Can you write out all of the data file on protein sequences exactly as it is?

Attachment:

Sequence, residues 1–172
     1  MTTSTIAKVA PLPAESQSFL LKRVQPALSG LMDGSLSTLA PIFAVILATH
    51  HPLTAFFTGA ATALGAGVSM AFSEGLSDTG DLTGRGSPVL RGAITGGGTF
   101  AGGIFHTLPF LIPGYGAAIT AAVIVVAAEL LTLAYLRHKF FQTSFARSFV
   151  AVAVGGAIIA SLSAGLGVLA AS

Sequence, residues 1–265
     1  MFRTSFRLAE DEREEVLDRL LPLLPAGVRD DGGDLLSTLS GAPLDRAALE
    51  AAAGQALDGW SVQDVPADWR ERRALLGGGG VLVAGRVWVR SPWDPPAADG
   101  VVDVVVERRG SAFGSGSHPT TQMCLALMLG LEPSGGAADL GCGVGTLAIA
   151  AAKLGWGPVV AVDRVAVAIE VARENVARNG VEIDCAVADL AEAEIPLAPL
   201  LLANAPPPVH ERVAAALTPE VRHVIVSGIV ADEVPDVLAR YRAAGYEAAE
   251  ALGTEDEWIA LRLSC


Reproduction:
Sequence, residues 1–172
     1  MTTSTIAKVA PLPAESQSFL LKRVQPALSG LMDGSLSTLA PIFAVILATH
    51  HPLTAFFTGA ATALGAGVSM AFSEGLSDTG DLTGRGSPVL RGAITGGGTF
   101  AGGIFHTLPF LIPGYGAAIT AAVIVVAAEL LTLAYLRHKF FQTSFARSFV
   151  AVAVGGAIIA SLSAGLGVLA AS

Sequence, residues 1–265
     1  MFRTSFRLAE DEREEVLDRL LPLLPAGVRD DGGDLLSTLS GAPLDRAALE
    51  AAAGQALDGW SVQDVPADWR ERRALLGGGG VLVAGRVWVR SPWDPPAADG
   101  VVDVVVERRG SAFGSGSHPT TQMCLALMLG LEPSGGAADL GCGVGTLAIA
   151  AAKLGWGPVV AVDRVAVAIE VARENVARNG VEIDCAVADL AEAEIPLAPL
   201  LLANAPPPVH ERVAAALTPE VRHVIVSGIV ADEVPDVLAR YRAAGYEAAE
   251  ALGTEDEWIA LRLSC